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Nutrient acquisition from arable subsoils in temperate climates: A review


Abstract

In arable farming systems, the term ‘subsoil’ refers to the soil beneath the tilled or formerly tilled soil horizon whereas the latter one is denoted as ‘topsoil’. To date, most agronomic and plant nutrition studies have widely neglected subsoil processes involved in nutrient acquisition by crop roots. Based on our current knowledge it can be assumed that subsoil properties such as comparatively high bulk density, low air permeability, and poverty of organic matter, nutrients and microbial biomass are obviously adverse for nutrient acquisition, and sometimes subsoils provide as little as less than 10% of annual nutrient uptake in fertilised arable fields. Nevertheless, there is also strong evidence indicating that subsoil can contribute to more than two-thirds of the plant nutrition of N, P and K, especially when the topsoil is dry or nutrient-depleted. Based on the existing literature, nutrient acquisition from arable subsoils may be conceptualised into three major process components: (I) mobilisation from the subsoil, (II) translocation to the shoot and long-term accumulation in the Ap horizon and (III) re-allocation to the subsoil. The quantitative estimation of nutrient acquisition from the subsoil requires the linking of field experiments with mathematical modelling approaches on different spatial scales including Process Based Models for the field scale and Functional–Structural Plant Models for the plant scale. Possibilities to modify subsoil properties by means of agronomic management are limited, but ‘subsoiling’ – i.e. deep mechanical loosening – as well as the promotion of biopore formation are two potential strategies for increasing access to subsoil resources for crop roots in arable soils. The quantitative role of biopores in the nutrient acquisition from the subsoil is still unclear, and more research is needed to determine the bioaccessibility of nutrients in subsoil horizons.

Abstract

In arable farming systems, the term ‘subsoil’ refers to the soil beneath the tilled or formerly tilled soil horizon whereas the latter one is denoted as ‘topsoil’. To date, most agronomic and plant nutrition studies have widely neglected subsoil processes involved in nutrient acquisition by crop roots. Based on our current knowledge it can be assumed that subsoil properties such as comparatively high bulk density, low air permeability, and poverty of organic matter, nutrients and microbial biomass are obviously adverse for nutrient acquisition, and sometimes subsoils provide as little as less than 10% of annual nutrient uptake in fertilised arable fields. Nevertheless, there is also strong evidence indicating that subsoil can contribute to more than two-thirds of the plant nutrition of N, P and K, especially when the topsoil is dry or nutrient-depleted. Based on the existing literature, nutrient acquisition from arable subsoils may be conceptualised into three major process components: (I) mobilisation from the subsoil, (II) translocation to the shoot and long-term accumulation in the Ap horizon and (III) re-allocation to the subsoil. The quantitative estimation of nutrient acquisition from the subsoil requires the linking of field experiments with mathematical modelling approaches on different spatial scales including Process Based Models for the field scale and Functional–Structural Plant Models for the plant scale. Possibilities to modify subsoil properties by means of agronomic management are limited, but ‘subsoiling’ – i.e. deep mechanical loosening – as well as the promotion of biopore formation are two potential strategies for increasing access to subsoil resources for crop roots in arable soils. The quantitative role of biopores in the nutrient acquisition from the subsoil is still unclear, and more research is needed to determine the bioaccessibility of nutrients in subsoil horizons.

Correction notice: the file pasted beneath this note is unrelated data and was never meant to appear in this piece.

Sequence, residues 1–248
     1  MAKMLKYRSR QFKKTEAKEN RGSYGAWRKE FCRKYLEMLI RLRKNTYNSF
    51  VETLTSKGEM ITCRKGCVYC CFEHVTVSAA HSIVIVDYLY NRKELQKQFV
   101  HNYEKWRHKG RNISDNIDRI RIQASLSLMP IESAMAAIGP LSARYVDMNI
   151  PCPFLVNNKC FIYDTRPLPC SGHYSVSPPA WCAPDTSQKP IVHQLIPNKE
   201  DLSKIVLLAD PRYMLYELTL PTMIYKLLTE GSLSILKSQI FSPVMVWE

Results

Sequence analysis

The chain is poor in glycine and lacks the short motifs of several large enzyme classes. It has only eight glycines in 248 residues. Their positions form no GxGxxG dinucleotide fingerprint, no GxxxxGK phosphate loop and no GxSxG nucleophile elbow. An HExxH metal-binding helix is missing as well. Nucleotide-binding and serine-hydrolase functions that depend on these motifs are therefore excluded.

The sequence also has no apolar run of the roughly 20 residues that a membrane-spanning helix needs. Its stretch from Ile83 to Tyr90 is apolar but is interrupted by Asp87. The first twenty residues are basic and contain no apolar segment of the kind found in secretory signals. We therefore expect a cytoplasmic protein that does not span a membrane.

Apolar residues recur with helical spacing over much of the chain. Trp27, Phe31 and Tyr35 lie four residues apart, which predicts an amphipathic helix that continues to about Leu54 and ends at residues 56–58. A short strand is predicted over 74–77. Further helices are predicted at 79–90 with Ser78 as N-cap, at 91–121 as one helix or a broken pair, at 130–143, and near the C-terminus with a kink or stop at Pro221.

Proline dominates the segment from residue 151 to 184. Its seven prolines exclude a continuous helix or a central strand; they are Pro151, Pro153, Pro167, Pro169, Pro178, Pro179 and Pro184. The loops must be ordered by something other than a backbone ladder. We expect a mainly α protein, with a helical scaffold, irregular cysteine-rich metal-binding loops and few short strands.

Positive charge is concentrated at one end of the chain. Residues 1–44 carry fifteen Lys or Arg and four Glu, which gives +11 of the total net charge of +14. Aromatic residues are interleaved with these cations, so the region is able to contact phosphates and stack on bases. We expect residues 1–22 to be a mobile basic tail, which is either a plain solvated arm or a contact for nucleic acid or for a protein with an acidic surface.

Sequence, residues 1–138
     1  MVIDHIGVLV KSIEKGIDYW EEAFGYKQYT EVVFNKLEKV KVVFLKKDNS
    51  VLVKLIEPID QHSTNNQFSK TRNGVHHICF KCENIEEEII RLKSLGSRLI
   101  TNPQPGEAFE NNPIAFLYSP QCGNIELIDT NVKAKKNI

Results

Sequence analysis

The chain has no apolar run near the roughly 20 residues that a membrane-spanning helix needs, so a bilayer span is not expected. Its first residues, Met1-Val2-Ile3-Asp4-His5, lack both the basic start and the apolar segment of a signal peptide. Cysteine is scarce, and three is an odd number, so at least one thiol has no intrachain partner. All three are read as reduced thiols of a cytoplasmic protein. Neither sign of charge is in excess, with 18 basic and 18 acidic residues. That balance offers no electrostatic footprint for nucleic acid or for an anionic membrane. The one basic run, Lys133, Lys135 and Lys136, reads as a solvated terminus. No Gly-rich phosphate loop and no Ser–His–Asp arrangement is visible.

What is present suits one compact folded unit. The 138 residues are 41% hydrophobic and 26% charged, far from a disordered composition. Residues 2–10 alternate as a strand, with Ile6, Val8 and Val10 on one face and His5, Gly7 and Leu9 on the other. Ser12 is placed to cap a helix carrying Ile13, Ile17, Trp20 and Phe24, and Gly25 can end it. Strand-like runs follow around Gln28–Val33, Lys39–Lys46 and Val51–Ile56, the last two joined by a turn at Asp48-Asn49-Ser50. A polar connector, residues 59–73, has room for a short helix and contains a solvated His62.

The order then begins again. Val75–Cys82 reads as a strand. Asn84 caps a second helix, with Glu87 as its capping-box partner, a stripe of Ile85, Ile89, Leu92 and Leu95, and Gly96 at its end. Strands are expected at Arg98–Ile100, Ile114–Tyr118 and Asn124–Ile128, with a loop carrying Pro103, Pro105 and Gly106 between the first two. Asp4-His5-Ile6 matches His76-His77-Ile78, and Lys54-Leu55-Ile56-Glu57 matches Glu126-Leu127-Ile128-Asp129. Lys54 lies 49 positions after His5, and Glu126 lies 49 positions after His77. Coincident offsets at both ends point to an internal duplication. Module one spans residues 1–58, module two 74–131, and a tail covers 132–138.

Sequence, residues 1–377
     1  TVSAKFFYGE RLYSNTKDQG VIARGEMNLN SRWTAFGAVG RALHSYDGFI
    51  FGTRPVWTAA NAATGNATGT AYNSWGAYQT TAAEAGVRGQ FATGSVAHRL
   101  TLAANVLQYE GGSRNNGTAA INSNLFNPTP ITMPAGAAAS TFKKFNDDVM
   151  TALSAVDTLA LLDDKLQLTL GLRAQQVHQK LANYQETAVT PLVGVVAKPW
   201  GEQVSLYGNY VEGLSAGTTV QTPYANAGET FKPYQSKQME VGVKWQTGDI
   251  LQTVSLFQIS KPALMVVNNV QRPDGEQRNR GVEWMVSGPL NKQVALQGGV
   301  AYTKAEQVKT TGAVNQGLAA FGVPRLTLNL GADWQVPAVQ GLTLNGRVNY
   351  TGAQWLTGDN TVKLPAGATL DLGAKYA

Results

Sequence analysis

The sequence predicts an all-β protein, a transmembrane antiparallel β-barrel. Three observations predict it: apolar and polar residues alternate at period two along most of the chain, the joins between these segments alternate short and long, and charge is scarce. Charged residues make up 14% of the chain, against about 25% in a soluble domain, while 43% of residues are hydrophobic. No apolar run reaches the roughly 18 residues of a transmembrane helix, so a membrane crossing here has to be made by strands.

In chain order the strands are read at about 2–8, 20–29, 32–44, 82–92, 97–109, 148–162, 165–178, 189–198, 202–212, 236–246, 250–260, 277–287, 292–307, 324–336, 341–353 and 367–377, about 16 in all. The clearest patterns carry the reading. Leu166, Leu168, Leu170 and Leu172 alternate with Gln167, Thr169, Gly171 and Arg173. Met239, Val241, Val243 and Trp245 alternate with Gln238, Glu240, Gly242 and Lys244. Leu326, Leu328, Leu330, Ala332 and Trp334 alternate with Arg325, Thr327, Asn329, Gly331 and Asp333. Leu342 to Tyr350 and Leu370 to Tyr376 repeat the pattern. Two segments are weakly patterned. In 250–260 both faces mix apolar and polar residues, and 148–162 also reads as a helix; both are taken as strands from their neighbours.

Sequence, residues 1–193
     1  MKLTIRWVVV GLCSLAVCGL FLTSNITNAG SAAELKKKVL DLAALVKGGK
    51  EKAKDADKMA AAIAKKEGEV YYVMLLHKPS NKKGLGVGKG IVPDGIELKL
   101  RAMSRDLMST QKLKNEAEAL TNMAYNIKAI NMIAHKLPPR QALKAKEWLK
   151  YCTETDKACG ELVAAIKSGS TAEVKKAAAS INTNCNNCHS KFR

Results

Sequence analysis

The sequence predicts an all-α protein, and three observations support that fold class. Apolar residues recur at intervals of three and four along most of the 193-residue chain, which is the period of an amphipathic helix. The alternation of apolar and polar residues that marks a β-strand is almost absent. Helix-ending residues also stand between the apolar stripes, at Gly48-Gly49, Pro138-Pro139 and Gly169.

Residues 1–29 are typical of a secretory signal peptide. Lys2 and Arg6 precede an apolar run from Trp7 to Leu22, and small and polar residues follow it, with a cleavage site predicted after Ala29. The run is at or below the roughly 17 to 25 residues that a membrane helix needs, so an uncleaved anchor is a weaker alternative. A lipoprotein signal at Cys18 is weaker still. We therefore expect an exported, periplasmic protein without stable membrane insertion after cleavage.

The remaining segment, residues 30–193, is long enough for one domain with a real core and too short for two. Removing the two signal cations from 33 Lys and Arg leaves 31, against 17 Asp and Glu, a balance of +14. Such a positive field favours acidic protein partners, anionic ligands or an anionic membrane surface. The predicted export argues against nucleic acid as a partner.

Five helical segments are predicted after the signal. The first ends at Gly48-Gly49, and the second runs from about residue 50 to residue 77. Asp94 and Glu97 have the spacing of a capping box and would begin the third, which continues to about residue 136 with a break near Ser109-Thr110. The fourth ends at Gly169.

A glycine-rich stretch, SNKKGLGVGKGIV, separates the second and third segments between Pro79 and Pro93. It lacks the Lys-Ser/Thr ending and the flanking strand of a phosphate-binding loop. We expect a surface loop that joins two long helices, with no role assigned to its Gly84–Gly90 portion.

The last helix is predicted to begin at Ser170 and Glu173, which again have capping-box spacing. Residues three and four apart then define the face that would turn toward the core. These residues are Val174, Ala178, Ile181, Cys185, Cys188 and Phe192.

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Additional indexing

Item Type:Journal Article, refereed, further contribution
Communities & Collections:07 Faculty of Science > Institute of Geography
Dewey Decimal Classification:910 Geography & travel
Language:English
Date:2013
Deposited On:20 Nov 2012 14:07
Last Modified:16 Feb 2018 17:24
Publisher:Elsevier
ISSN:0038-0717
OA Status:Closed
Publisher DOI:https://doi.org/10.1016/j.soilbio.2012.09.014

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